"This Windfields/McLaughlin stone house was a landmark that should not and need not have been destroyed. The excuses Mayor Henry uses don't wash for those who know what actually transpired from the time Minto bought the 150 acres on Simcoe St three years ago. Mayor Henry can pretend there was nothing he could have done but this unnecessary demolition is a testament to his weak leadership. His usual scripted messages blaming others and the fantasy of his all-is-great-in-Oshawa cheerleader speak may fool some but the fact is he allowed the City to be bought off with $150,000 which the developer offered four days before the city approved the Minto plan of subdivision."

More from Rosemary's social media page: "I am an ardent property rights advocate. However, the operative word in with any development plan is 'approval'. Of course Minto had no obligation to preserve this building, but if John Henry and John Aker had given any signals of the City's desire to do more there certainly was an opportunity to do something. After the community made presentations and rallied to inform Council of the historical, architectural and cultural significance of this beautiful stone, former Windfields/McLaughlin Foreman's Residence, at the last minute, Oshawa Development Services staff put forward a report that Minto would retain the building, July 5th, 2012. But incredibly the next day Friday July 6 Minto rep Tom Giancos came to Oshawa (after cancelling our citizens meeting with him in Toronto) and met with the Mayor. At that meeting Henry agreed to accept $150,000 and gave his blessing to the allow the demolition. Monday July 9th this was put before the Development Services Committee for 'approval' and Thursday July 12th at a Special Meeting of Council the Minto plan of subdivision was 'approved'."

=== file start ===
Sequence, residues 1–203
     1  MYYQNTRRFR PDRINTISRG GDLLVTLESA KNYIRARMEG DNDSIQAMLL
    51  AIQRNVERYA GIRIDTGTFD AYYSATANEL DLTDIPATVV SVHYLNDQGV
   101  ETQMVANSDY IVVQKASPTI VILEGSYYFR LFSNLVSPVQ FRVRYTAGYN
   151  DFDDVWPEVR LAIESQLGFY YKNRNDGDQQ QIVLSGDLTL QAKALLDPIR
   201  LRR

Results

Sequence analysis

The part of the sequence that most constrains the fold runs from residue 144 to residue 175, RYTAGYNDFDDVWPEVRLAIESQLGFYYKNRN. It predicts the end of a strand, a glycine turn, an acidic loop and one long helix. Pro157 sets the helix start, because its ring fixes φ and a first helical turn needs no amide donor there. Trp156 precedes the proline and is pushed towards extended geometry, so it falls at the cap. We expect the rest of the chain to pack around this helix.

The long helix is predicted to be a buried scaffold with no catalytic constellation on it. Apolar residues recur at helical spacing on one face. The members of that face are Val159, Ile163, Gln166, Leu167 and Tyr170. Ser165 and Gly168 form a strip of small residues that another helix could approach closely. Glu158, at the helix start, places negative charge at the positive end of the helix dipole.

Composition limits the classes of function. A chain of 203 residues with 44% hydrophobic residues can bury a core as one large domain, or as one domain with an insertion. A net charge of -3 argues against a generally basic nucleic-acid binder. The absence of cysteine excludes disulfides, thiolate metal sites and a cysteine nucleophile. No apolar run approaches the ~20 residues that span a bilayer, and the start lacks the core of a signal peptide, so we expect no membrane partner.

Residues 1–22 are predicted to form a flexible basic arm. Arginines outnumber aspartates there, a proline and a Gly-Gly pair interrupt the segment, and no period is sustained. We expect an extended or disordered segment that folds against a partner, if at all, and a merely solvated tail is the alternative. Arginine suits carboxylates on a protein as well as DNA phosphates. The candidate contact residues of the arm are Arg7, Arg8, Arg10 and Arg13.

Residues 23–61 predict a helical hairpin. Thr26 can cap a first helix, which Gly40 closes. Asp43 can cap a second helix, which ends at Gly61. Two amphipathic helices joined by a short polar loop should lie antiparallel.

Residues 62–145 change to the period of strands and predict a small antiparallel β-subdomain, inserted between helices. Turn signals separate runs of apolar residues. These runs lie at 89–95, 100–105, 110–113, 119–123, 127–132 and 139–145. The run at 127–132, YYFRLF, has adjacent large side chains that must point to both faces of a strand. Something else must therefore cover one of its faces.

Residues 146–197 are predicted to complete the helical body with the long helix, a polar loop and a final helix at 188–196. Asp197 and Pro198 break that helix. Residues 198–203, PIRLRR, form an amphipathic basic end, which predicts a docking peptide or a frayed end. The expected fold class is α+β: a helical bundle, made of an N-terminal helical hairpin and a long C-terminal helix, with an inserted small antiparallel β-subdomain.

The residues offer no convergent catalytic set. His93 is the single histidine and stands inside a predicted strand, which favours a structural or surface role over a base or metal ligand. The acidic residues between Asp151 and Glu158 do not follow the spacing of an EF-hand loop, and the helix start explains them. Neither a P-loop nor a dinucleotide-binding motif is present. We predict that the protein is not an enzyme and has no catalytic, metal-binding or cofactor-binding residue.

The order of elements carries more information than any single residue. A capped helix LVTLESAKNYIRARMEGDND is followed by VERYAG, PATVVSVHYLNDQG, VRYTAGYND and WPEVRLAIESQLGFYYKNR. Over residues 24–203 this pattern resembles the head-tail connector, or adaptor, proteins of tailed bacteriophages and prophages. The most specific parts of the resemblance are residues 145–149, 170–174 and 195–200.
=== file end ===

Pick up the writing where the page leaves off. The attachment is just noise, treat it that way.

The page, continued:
A quote from Cathy Clarke: " It was a miserable day watching a miserable and needless demolition. Too bad Minto doesn't care about the community it's building in. And especially too bad that the Mayor and Council didn't do anything to prevent this travesty." 

Save the McLaughlin Stone House! known as the Windfields Farm Foreman's Residence, now Minto Kingmeadow new subdivision site

above pictures taken April 11, 2012 when Minto began construction of a temporary sales pavillion in front of the Craftsman-style historically significant stone house on Simce St. N., Oshawa

Update: This is a good question for people to ask when visiting the Minto Kingmeadow subdivision. Or better still, why not implore the Builder to do more to help save the George McLaughlin stone house!
Minto opened its Kingmeadow subdivision sales office in front of this heritage stone house Oct 27, 2012. Minto planned to have the stone house smashed down before the opening, but the Ministry of Natural Resources gave the house a reprieve on account of the chimney swift bird. For story, check out this link to recent Toronto Star article: "History gets a swift reprieve"
Help rescue the Windfields Stone House from Demolition, before it's too late!!
An interesting story is being written, you can help give it a happy ending:
The former Windfields Farm 'Foreman's residence' one and-a-half storey stone house on Simcoe St. North is a historic Oshawa landmark that should not be torn down!

This distinctive and well-maintained heritage house is situated on Lot 12, Con 5, former East Whitby Township, on agricultural land that was under the continuous, consecutive control and ownership of two of Oshawa's most legendary families, the McLaughlins and Taylors, between 1917 until 2008.